Fred Rosen follows a killer’s trail back in time 2 decades to discover how a monster slipped through the legal system
When police in Tampa, Florida, arrested Larry Singleton in 1997 for brutally murdering prostitute Roxanne Hayes, they soon realized it wasn’t the man’s first violent attack. Back in 1978 he had gained notoriety as “the Mad Chopper” for raping and cutting off the arms of 15-year-old Mary Vincent on a patch of desolate, sun-scorched land 5 miles off the highway near Modesto, California.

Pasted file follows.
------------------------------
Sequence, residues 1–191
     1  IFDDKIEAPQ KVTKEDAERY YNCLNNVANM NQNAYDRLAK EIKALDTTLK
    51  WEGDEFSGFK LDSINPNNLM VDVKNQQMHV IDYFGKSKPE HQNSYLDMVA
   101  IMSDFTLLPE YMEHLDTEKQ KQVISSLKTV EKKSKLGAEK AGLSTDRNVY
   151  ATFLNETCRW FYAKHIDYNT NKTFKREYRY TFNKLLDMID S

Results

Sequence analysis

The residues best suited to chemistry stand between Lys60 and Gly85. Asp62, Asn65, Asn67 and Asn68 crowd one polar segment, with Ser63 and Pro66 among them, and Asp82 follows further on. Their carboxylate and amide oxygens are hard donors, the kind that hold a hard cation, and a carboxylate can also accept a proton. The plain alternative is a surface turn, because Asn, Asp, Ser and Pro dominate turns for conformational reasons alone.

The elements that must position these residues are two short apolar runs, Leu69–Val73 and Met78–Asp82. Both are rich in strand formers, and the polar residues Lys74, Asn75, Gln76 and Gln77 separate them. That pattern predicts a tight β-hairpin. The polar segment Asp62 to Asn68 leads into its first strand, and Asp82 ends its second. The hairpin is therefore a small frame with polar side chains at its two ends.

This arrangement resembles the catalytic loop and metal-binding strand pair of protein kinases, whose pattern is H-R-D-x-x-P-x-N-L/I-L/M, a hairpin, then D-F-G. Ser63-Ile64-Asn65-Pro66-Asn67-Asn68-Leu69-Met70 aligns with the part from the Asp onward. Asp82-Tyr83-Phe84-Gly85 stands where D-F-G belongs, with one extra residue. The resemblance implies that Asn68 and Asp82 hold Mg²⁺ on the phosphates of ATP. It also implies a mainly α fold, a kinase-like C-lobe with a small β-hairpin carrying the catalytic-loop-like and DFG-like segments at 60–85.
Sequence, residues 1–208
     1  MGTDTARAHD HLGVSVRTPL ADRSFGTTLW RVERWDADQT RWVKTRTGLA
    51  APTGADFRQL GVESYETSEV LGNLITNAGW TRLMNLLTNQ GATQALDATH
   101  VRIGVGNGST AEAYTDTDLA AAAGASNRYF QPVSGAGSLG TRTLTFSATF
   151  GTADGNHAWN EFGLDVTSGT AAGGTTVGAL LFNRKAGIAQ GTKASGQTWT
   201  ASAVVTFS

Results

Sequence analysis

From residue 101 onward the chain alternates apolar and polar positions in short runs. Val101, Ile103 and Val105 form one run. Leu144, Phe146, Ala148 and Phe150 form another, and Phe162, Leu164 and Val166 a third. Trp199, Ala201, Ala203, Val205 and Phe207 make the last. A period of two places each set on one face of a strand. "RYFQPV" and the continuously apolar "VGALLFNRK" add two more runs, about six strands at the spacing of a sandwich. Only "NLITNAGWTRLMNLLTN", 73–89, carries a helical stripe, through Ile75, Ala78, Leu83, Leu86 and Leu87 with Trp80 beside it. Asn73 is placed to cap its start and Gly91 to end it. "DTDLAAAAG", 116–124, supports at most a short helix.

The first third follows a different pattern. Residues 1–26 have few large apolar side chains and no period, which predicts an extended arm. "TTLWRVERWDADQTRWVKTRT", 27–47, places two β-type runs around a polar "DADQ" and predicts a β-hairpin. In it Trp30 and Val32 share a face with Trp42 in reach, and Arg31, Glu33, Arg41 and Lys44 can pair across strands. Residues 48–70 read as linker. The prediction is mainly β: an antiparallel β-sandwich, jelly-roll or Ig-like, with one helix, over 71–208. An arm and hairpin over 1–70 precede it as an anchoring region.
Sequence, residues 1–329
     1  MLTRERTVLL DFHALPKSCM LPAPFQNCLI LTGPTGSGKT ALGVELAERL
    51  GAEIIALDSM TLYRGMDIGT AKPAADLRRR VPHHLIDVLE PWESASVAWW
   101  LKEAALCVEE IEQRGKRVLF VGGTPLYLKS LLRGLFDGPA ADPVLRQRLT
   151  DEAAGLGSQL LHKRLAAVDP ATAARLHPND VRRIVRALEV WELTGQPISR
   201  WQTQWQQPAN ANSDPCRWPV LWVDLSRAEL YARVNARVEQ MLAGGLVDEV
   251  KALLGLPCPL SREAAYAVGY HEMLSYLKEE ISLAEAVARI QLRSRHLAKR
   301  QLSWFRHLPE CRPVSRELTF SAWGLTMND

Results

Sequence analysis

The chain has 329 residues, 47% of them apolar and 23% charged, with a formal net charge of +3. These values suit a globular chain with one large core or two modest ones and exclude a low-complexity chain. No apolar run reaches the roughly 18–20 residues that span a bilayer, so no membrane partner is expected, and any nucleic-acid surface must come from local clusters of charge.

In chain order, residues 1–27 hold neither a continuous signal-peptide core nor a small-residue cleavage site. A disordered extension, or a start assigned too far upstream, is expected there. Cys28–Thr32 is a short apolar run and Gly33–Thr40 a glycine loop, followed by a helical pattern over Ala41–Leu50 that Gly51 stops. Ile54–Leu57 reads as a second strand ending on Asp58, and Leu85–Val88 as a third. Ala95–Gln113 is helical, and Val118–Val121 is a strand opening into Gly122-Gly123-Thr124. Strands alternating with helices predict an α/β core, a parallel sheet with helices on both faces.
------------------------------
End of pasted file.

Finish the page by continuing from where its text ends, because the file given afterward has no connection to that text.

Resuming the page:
When Singleton was let out of prison on supervised parole after serving only 8 years for his crimes, no community in California would accept him. He eventually moved back to his home in Florida, where he killed Hayes nearly 20 years after his original crime. But his first victim, Vincent, had survived, walking nearly a mile to get help after the assault, and testified against him at his trial for murdering Hayes.